OCR Reads Old Newspapers So We Don’t Have To

Plenty of people don’t bother to read the current newspaper, let alone editions that were published over 100 years ago. But there’s a wealth of important historical information buried in these dusty old publications, assuming you can find a way to reliably digitize and index it all. You might think the solution is as simple as running images of the paper through optical character recognition (OCR) software, but as [John Scancella] explains, the problem is a bit more complicated than that.

Stretching the text vertically highlights the columns.

Ultimately, the issue largely comes down to formatting. The OCR software reasonably assumes all the text is in orderly horizontal lines, because in the vast majority of cases, it would be. That’s how you’re reading these words now. But as anyone who’s seen an old time newspaper knows, that’s not how things were necessarily written back then. Pages consisted of multiple narrow columns of stories separated by vertical lines; if the OCR tries to read the page from left to right, the resulting text is a mishmash of several unrelated topics.

The answer is to break all those articles into their own images, but doing that manually at any sort of scale simply isn’t an option. So [John] has been working on a system that uses OpenCV to identify the columns of text and isolate them. He details the multi-step process down in his write-up, and even provides the Python code should you want to give it a spin. But the short version is that the image is converted to grayscale and the OpenCV dilate function is used to stretch the text in the Y dimension. This produces big blobs of white that can easily be picked out with findContours() and snipped into individual images.

It’s not a perfect solution, and there are still a few pitfalls. For one, the name of the paper needs to be removed from the front page before the stretching operation happens. But it’s clearly a step in the right direction, and the results certainly look very promising. Anything that makes OCR more accurate or easier to implement is a win in our book, so we’re excited to see where [John] takes this concept.

18 thoughts on “OCR Reads Old Newspapers So We Don’t Have To

  1. there may be enough frequency information in the picture to do it without the scaling, i.e.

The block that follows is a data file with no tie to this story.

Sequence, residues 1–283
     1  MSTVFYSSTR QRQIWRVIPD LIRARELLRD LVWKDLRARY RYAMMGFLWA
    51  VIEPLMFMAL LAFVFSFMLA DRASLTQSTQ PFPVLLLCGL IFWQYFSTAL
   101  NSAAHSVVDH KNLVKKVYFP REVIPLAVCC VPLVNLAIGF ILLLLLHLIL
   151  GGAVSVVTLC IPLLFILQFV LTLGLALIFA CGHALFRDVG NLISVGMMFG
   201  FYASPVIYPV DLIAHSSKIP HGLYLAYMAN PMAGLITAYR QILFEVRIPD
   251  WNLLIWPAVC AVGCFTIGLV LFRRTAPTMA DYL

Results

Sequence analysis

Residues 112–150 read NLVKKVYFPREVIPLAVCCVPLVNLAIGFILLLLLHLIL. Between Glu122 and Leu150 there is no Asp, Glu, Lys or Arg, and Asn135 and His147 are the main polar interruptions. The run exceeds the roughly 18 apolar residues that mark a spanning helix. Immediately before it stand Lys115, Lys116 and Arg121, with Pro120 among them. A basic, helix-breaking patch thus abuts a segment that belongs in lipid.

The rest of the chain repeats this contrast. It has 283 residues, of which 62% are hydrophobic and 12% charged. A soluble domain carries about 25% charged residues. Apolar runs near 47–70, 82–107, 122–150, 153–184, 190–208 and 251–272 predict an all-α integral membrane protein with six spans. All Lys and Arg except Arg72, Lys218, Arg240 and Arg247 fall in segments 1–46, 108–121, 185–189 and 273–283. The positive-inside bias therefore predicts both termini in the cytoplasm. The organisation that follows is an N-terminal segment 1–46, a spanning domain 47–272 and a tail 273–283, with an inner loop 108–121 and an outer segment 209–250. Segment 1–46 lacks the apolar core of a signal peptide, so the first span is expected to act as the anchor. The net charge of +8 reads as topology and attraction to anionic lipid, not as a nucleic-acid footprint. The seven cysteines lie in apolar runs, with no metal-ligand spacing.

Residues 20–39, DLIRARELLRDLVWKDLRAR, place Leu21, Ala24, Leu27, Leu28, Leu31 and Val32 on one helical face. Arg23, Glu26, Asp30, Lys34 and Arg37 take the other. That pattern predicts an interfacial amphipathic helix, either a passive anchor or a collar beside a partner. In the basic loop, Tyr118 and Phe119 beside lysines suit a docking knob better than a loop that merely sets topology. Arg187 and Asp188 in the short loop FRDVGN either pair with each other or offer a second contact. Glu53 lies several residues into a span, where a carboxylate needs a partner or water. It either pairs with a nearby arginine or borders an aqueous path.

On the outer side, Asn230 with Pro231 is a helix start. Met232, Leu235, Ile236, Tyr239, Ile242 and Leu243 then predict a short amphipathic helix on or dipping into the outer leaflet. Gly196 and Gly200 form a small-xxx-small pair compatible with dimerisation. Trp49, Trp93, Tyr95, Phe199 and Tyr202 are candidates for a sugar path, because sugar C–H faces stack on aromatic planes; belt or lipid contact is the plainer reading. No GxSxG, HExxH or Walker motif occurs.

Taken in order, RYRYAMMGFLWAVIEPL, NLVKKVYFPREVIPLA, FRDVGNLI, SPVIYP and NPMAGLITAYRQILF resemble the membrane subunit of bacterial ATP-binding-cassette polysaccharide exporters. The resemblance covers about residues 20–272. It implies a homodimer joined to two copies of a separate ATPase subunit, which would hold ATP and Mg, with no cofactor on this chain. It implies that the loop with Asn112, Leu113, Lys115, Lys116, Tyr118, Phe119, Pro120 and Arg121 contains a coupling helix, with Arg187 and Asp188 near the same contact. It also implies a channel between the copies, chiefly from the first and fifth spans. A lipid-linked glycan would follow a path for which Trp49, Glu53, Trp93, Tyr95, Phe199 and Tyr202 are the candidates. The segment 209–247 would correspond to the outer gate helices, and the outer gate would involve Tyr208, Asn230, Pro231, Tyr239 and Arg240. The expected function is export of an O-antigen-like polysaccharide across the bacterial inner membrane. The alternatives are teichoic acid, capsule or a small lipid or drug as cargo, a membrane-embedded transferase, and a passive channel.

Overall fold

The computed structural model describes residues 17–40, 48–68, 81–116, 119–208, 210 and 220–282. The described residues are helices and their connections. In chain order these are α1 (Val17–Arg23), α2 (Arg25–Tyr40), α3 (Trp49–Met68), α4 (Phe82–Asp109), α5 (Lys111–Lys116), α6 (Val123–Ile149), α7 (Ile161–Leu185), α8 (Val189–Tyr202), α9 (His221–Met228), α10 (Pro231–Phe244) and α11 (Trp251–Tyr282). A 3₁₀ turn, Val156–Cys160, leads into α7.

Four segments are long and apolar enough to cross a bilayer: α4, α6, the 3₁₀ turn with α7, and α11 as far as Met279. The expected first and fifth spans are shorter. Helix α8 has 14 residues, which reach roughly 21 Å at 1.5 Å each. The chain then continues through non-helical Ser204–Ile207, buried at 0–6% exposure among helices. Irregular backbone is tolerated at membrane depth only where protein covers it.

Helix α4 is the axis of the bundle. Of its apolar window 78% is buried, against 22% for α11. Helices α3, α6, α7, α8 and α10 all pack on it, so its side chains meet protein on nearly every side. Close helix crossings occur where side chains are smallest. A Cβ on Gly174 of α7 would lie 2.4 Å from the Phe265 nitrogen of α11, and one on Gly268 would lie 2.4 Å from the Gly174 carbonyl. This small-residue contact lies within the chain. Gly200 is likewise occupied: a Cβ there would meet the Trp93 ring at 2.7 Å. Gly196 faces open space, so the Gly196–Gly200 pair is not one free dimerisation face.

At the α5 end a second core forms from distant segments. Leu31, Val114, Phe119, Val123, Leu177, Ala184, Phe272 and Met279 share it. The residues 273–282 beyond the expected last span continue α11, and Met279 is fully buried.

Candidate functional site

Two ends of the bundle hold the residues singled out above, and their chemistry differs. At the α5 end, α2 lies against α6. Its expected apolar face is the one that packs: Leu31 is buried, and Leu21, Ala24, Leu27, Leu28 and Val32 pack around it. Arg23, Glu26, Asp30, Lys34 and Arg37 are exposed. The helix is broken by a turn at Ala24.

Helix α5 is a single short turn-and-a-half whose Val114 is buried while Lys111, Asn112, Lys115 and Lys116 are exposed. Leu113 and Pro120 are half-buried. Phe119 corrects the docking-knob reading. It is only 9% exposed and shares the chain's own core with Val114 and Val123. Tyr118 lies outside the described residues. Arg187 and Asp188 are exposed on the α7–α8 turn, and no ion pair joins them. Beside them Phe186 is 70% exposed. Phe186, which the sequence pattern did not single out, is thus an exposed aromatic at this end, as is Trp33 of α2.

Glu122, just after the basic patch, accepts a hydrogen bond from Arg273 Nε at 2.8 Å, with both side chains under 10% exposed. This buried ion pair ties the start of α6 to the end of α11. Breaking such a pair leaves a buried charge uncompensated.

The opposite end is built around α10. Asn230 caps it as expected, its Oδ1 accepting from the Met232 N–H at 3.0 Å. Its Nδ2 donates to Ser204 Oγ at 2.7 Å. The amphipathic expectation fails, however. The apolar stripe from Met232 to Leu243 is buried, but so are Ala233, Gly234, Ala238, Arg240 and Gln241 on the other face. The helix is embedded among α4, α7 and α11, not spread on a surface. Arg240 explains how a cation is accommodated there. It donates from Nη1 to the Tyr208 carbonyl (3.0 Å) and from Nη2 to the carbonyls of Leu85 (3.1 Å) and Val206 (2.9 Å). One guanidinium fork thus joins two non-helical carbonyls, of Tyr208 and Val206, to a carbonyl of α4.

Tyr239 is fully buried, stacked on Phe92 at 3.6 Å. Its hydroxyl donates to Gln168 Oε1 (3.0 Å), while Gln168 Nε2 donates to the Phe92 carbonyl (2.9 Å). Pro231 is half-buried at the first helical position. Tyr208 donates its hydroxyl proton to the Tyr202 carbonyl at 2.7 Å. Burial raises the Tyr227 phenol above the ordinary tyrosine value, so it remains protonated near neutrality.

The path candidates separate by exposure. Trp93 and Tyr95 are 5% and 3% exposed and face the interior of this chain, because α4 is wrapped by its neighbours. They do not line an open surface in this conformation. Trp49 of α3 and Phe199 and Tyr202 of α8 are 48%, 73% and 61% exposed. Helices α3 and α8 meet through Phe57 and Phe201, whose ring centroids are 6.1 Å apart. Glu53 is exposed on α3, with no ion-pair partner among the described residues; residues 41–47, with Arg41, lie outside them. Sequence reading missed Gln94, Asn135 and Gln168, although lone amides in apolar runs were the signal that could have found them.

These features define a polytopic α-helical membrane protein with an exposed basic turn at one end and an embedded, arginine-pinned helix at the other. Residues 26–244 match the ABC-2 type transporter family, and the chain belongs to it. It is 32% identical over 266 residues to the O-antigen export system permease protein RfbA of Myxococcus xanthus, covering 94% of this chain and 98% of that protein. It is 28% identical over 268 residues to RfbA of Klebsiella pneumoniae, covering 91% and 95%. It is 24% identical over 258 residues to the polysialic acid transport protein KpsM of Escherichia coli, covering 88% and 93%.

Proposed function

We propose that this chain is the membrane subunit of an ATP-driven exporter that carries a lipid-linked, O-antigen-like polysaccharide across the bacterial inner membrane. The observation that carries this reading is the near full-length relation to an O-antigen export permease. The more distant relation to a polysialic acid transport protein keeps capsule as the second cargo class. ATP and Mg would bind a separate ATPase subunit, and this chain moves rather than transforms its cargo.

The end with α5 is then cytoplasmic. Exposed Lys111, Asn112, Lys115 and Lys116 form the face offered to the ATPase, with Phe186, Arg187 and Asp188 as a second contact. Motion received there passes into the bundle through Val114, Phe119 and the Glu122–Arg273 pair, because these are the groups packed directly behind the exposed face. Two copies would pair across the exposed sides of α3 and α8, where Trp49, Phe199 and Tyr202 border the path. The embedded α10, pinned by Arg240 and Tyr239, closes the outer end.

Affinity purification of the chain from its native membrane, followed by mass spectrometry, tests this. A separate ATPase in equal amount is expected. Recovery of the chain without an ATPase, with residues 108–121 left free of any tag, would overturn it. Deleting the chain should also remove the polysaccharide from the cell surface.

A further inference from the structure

for (x = 0; x < width; x++) {
    column_total[x] = 0;
    for (y = 0; y < height; y++) {
    if (pixel(x,y) == black) {
    } else {

    then run a DFT on column_total[], then pick largest coefficient with suitable sanity checking to get the column spacing?

      1. for (x = 0; x < width; x++) {
        column_total[x] = 0;
        for (y = 0; y < height; y++) {
        column_total[x] += (127 – greyscale(x,y);
        column_total[x] *= column_total[x];

        Then a DFT will capture the white adjacent to the black lines too. Assumes 256 shades of grey. Should give a stronger signal above the noise.

  2. I have an OCR reading machine for the visually impaired. Self-contained scanner and TTS appliance. Had several versions and brands going back at least 20 years. They all scanned and read books, newspapers, multi-column text, headings, bills, etc and spoke the text with minimal confusion. They had no problem parsing formats or fonts. This is nothing new at all.

  3. I’ve no experience of OCR but have studied Python so some things were easy to figure out. Embedded, sorry I’ve got to learn more about as to the amount of used resources. Can OCR be taught to learn ancient languages?

  4. John, when contour gives you a trace in OpenCV, get the bounding rect of each glyph and then “bubble” it out by a certain percentage that works for the publication. For a lot of 8½” x 11″ pages I’ve used is around 2% to 5% more of the original rect. Then any rects that intersect are combined. This can give you words, lines and blocks depending on your percentage. This percentage could be defined per publication format. This could help you identify those pesky header rows if they are within a certain aspect ratio or % of overall page size maybe? Enjoy!

  5. Reading a 100 +year old news paper is hard enough, ( Ive got a few lying around) the text is fuzzy the paper has colored – getting an OCR to read it all with any success is a great achievement

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